Focke-Wulf Fw190D

A very effective development in the Fw190 family, commonly known as the “long nose” version for its redesigned cowling, the Fw190D entered service in 1944 and served to the end of the war.


Join me for a look at this capable fighter.

The Fw190 was one of the best fighters of World War II.  Especially at low altitude it was a match for almost any opponent.  And unlike the more produced Messerschmitt Bf109 it was designed to be rugged and operate in a difficult wartime environment.  But the initial version, the Fw190A, was equipped with a supercharged BMW801 engine that started to loose power above 20000 feet.  This limitation became more obvious as high altitude American bomber raids gained in intensity during 1943.

IMG_9429 IMG_9430

But this problem had been recognized. Going back to 1942 Focke-Wulf’s head designer, Kurt Tank, had been experimenting with turbocharging and different engines to improve his fighter’s ceiling.  The “D”, or “Dora” version was equiped with the supercharged Junkers Jumo 213 that could operate effectively up to almost 40000 feet. This type entered service in late 1944.  By this point the tide had clearly turned against the Germans, but the 190 Long Nose would be a feared opponent to the end of the war.


Black and white stripes around the tail indicate this is a JG26 aircraft. In the last year of the war German aircraft carried such striping to identify their group.


This example is from the Tamiya kit with Aeromaster decals.  It represents an aircraft that served with JG26 in the last months of the war.  This was an easy and fun build and I’m pleased with how it looks, although the kit does have a few limitations.  The landing gear and wheels are slightly under-scale, and the landing gear bay should be open and provide a view into the underside of the engine compartment.  But I think this is a pretty minor defect, and it looks the part of a “Dora” to me.

At war’s end, a Dora sits on a captured airfield surrounded by Thunderbolts.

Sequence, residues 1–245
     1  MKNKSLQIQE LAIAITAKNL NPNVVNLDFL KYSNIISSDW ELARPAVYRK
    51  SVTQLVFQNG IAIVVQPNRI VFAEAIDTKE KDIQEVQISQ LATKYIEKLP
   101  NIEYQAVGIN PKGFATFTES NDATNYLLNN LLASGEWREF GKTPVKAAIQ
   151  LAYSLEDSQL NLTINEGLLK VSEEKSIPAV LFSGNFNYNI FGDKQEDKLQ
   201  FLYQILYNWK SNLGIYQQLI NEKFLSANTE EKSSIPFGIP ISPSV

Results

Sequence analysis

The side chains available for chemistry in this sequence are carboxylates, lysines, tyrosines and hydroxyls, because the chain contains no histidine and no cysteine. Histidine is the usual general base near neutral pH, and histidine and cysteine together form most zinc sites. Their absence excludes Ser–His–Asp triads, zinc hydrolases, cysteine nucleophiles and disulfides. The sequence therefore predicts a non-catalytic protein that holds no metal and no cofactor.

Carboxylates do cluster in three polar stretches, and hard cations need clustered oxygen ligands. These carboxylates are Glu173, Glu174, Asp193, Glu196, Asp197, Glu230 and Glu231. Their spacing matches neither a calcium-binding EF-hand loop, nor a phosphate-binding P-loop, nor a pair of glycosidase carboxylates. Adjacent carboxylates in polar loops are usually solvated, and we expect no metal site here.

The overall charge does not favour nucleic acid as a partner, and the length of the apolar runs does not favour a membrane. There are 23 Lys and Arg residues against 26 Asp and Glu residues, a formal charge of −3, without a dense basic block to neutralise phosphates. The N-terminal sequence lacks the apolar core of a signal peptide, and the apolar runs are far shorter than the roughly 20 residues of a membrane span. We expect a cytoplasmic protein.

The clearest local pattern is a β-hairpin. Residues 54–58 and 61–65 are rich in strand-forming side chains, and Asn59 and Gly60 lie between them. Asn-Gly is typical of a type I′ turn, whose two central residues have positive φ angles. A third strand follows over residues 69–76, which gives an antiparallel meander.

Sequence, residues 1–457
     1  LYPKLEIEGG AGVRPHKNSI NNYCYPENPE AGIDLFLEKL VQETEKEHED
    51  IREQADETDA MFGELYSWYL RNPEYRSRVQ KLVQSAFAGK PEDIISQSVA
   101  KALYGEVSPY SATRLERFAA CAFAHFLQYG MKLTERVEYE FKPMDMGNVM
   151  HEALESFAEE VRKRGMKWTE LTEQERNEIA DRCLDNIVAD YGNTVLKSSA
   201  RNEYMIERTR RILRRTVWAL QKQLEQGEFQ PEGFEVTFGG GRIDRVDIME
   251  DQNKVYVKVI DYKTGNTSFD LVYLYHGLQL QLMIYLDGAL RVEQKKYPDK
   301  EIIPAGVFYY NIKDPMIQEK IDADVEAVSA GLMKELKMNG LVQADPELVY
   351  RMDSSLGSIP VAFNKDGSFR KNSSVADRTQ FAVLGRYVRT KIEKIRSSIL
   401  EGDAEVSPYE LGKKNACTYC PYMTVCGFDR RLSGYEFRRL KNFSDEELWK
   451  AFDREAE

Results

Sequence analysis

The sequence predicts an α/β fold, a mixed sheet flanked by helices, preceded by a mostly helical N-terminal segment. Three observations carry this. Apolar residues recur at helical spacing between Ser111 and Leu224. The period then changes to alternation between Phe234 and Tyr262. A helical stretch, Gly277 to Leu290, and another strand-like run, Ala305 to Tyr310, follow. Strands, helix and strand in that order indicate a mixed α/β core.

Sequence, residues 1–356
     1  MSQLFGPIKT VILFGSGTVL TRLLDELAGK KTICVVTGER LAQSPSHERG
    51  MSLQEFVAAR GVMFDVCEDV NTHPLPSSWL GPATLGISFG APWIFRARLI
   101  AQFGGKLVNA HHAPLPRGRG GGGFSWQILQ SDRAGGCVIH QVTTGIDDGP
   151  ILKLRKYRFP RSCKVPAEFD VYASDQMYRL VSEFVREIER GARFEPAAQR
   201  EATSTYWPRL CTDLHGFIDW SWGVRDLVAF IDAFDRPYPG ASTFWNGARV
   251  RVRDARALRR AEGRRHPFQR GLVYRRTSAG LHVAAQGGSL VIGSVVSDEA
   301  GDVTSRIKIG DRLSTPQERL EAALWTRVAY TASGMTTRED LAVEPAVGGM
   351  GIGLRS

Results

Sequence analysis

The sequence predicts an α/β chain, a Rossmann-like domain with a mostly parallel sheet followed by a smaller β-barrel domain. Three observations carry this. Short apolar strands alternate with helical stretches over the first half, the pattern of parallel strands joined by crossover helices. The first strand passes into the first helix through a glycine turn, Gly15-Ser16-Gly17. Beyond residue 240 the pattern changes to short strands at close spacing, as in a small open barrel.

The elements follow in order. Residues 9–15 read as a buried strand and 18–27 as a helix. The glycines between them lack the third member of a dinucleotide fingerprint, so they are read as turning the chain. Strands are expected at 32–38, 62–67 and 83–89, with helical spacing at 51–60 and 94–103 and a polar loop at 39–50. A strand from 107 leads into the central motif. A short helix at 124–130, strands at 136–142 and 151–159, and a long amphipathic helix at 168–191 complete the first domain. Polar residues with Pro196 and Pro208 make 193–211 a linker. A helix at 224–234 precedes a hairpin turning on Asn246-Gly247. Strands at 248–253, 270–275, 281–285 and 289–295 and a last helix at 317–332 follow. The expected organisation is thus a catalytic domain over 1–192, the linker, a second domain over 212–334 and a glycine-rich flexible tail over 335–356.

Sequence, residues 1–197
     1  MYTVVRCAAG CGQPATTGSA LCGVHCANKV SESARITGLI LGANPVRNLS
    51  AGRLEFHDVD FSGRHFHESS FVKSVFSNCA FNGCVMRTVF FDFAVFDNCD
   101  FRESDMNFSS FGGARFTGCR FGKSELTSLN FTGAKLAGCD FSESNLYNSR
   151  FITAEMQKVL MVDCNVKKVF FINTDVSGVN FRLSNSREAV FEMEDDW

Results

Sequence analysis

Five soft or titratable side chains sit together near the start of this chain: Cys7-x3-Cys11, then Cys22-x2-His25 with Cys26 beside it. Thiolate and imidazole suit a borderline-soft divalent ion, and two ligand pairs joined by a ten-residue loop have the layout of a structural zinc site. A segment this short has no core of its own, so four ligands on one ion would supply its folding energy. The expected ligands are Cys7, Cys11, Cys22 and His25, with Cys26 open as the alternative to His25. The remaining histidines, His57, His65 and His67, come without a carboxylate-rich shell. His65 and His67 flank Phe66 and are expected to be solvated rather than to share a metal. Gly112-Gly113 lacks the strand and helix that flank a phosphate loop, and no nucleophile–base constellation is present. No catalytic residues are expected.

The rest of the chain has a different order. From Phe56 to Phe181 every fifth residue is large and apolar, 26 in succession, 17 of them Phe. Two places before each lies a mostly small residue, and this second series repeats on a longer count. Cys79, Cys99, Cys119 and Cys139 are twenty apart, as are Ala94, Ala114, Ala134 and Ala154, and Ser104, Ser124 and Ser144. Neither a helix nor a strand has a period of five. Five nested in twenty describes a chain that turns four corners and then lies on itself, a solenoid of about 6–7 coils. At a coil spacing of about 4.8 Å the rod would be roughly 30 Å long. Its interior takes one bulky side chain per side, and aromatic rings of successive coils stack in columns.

A Fw190D and the earlier Fw190A. The different engine is the major difference.


In spite of the round cowling, the Jumo 213 is NOT a radial engine. It is an in-line, liquid cooled engine. But it has an annular, or round radiator that makes the nose shape misleading.

About atcDave

I'm 5o-something years old and live in Ypsilanti, Michigan. I'm happily married to Jodie. I was an air traffic controller for 33 years and recently retired; grew up in the Chicago area, and am still a fanatic for pizza and the Chicago Bears. My main interest is military history, and my related hobbies include scale model building and strategy games.
This entry was posted in Fighter, Germany and tagged , , . Bookmark the permalink.

5 Responses to Focke-Wulf Fw190D

  1. Beautiful model Dave. Truly excellent work. The FW 190D was a superb aircraft and deservedly amongst the very best of the piston-engine types produced during World War II. It also looks great with your FW 190A.

    • atcDave says:

      Thanks. I think its one of those types that just looks perfectly deadly. Not quite beautiful, but like a well designed weapon.

  2. Ernie Davis says:

    Something I’m curious about. Your build has this plane equipped with a drop tank. Were they common on German planes this late in the war? I would assume that fighting primarily over their own territory in close proximity to their airfields they wouldn’t be necessary.

    • atcDave says:

      I’ve seen them on several late war types. I think the 190 and 109 both had really painfully short ranges. So the tank gave them a little extra flexibility for climbing to altitude and setting an ambush.
      I couldn’t tell you how commonly they were used compared to rockets or canon add-ons though.

    • Ernie Davis says:

      I checked the wiki on it and you are right, just over 500 miles, so if you are climbing to (to borrow a phrase) eight miles high I can see how you might want some extra fuel. Back of the envelope, climbing that high could use 15-20% of their range without extra tanks.

Leave a Reply

Fill in your details below or click an icon to log in: Logo

You are commenting using your account. Log Out /  Change )

Facebook photo

You are commenting using your Facebook account. Log Out /  Change )

Connecting to %s